Global Markets Rebound As Tech Rout Ends; Sterling Rises

As the Fed begins its two-day meeting, global stocks have recovered their footing and European shares rise, led by a bounce in tech stocks as last Friday’s global selloff that started in the sector shows signs of abating. Asian stocks and U.S. futures gain as investors turn their attention to today’s Jeff Sessions testimony as well as tomorrow’s barrage of macro data including Yellen, CPI and retail sales.

It has been a risk-on session globally as the tech rout ended and technology stocks rebound from recent weakness and amid a lack of negative fundamental catalysts. European equity markets open higher with technology sector leading, travel stocks also well supported. Bund futures pushed lower, with supply pressure also coming from 10y DSL auction. Gilts sell-off after higher than expected U.K. CPI, short sterling curve bear steepens aggressively. USD broadly weakens across G-10 except for USD/JPY which is supported by lift in EUR/JPY and general risk sentiment. SEK spikes higher after strong domestic CPI data, NOK rallies in tandem after bullish domestic growth survey.

As Bloomberg notes, highlighting the importance of the tech, “should the rebound in tech shares carry through into U.S. trading investors will likely breathe a sigh of relief; the sector has been a key driver of global equity gains and a prolonged selloff would have represented a major threat to the ongoing bull market.”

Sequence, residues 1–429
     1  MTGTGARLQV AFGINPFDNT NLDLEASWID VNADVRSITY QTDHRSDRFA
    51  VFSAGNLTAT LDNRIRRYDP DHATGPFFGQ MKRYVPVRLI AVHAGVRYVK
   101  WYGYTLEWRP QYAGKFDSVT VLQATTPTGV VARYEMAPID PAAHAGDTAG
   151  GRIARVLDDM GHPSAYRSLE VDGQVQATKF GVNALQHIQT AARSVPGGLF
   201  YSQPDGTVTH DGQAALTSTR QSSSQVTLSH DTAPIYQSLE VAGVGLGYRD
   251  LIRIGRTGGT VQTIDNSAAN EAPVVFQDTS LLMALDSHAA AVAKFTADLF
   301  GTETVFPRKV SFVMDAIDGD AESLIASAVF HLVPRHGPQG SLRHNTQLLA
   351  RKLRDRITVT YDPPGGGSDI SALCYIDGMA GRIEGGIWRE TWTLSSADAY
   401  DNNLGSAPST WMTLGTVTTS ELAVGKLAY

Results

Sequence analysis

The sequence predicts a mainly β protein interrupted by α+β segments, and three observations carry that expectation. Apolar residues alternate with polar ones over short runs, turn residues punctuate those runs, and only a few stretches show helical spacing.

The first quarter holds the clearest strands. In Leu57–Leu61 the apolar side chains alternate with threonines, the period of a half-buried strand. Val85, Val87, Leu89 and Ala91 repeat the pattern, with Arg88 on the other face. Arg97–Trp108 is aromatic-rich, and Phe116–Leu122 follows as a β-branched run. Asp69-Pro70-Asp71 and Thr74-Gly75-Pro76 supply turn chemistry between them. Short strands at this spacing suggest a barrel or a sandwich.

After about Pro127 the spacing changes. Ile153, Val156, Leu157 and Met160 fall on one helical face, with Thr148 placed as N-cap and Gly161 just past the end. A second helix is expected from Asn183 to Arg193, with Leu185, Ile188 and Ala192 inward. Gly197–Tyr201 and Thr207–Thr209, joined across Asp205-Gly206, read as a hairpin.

Tomorrow, the Fed is widely expected to raise its benchmark interest rate in a decision scheduled for Wednesday and may also provide more details on its plans to shrink $4.5 trillion dollars of assets it amassed to nurse the economic recovery. The gap between benchmark U.S and European bond yields hit its widest in a month as the Fed meeting also shone a light on the slow pace of change in European Central Bank policy. “If the Fed is tightening policy and embarking on a gradual normalization path, whether it is the short-term policy rates or the balance sheet, it wants the market to believe it and to adjust to it,” said Frederik Ducrozet, an economist at Pictet Wealth Management.

“It is not just about complacency and the creation of financial bubbles…but also about its own credibility.” The Bank of Japan and the Bank of England also meet this week, although no major policy changes are expected.

According to a Retuers poll, a small majority of traders in China’s financial markets think its central bank will likely raise short-term interest rates again this week if the U.S. Federal Reserve hikes its key policy rate. But the reaction to this in bond markets has been concerning. China’s two-year yields have in the last few sessions risen above its 10-year yields- a trend that has only happened in a few instances over the past decade and suggests investors have worries over the long-term health of the world’s second biggest economy.